Iran Nuclear: Iran has accused France of pandering to the United States after the French foreign minister suggested the possibility of war with Tehran over its nuclear program.
An editorial by Iran's state-owned IRNA news agency today (Monday) accused French President Nicolas Sarkozy of taking on what it called an "American skin," and adopting a U.S. approach to Iran.
In an interview Sunday French Foreign Minister Bernard Kouchner said the world should negotiate with Iran "right to the end," but also warned that it should brace for the possibility of war.
Iran's nuclear ambitions are likely to be a key issue this week when members of the United Nations' nuclear watchdog body meet in Vienna.
The International Atomic Energy Agency's meeting opens today just as the U.S. and its allies urge the U.N. Security Council to impose a third set of sanctions on Iran for refusing to stop its enrichment of uranium.
NoKor Nuclear: South Korea's foreign ministry says this week's six-party talks on disabling North Korea's nuclear programs have been postponed.
Ministry officials say host China informed Seoul today (Monday) that the negotiations will not be held as planned on Wednesday. The officials said China offered to work with the other parties to reschedule the talks.
Envoys from China, Japan, Russia, the United States and North and South Korea had agreed to meet in Beijing this week to discuss a possible deadline for North Korea to disable its nuclear bomb-making facilities.
North Korea recently closed its main nuclear facility. If it closes the rest of its facilities and fully reveals its nuclear stock, the country has been offered fuel aid and diplomatic concessions from the other negotiating parties.
North Korea tested a nuclear weapon last year.
Thailand Plane Crash:
Thai investigators have found both flight data recorders from a passenger plane that crash-landed on the resort island of Phuket, killing at least 89 of the 130 passengers and crew on board.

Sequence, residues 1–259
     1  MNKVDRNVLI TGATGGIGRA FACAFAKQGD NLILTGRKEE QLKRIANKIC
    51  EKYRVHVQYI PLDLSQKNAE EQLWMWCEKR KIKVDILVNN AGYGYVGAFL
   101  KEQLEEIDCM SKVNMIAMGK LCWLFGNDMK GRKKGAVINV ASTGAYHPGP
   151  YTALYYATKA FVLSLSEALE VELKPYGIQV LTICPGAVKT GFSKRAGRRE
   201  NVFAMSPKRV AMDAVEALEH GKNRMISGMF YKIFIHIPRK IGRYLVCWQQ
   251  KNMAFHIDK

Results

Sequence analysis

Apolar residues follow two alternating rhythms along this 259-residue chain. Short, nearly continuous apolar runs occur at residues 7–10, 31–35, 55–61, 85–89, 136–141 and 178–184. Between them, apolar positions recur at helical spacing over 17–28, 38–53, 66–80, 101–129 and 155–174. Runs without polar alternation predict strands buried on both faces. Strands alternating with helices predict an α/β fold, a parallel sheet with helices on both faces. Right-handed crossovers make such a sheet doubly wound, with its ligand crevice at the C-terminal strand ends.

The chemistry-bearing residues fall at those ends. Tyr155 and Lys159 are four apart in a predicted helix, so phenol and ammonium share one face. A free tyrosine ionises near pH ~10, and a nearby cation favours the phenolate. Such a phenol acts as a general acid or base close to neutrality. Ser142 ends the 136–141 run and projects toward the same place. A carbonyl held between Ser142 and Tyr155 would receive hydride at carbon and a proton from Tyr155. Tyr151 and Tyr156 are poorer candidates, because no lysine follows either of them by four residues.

The devices will be sent to the United States for analysis, a process expected to take at least a week. Authorities hope the information will help explain why the plane crashed on the airport runway while landing in heavy rain and strong winds Sunday.
The airliner broke in two upon impact and burst into flames. The U.S.-made (McDonnell Douglas MD-82) jet was operated by the Thai budget carrier One-Two-Go.
Officials say 34 Thais and 55 foreigners were killed in Sunday's crash. Foreign embassies have confirmed that four U.S. citizens, one Australian and a French national are among the dead.
Citizens from Germany and Iran also were aboard. Thai officials say 41 survivors have been taken to hospitals. Five are in critical condition with severe burns.
Vietnam Economy: The Asian Development Bank says rising inflation could become a problem in Vietnam, which is expected to see robust economic growth over the next two years.
The bank said today (Monday) the Vietnamese government should take steps to control inflation, which it predicts could hit seven-point-eight percent this year.
The bank says Vietnam's economy likely will grow eight-point-three percent this year, and eight-point-five percent next year.
The Vietnamese economy is experiencing one of the fastest rates in Asia.
Japan Politics: A Japanese newspaper poll says a majority of lawmakers from the ruling Liberal Democratic Party support party veteran Yasuo Fukuda to become the next prime minister.
The "Yomiuri Shimbun" survey released today (Monday) shows 55 percent of LDP lawmakers said they would vote for Fukuda in the September 23rd party election.
The survey says just 12 percent of respondents would support Fukuda's only rival, Taro Aso. The survey polled 258 of the 387 LDP lawmakers who will vote.
Aso is a foreign policy hawk who has riled China in the past with his derogatory comments. Fukuda favors boosting cooperation with Japan's neighbors.
The LDP president will become Japan's prime minister because of the ruling party's dominance in the key lower house of parliament.
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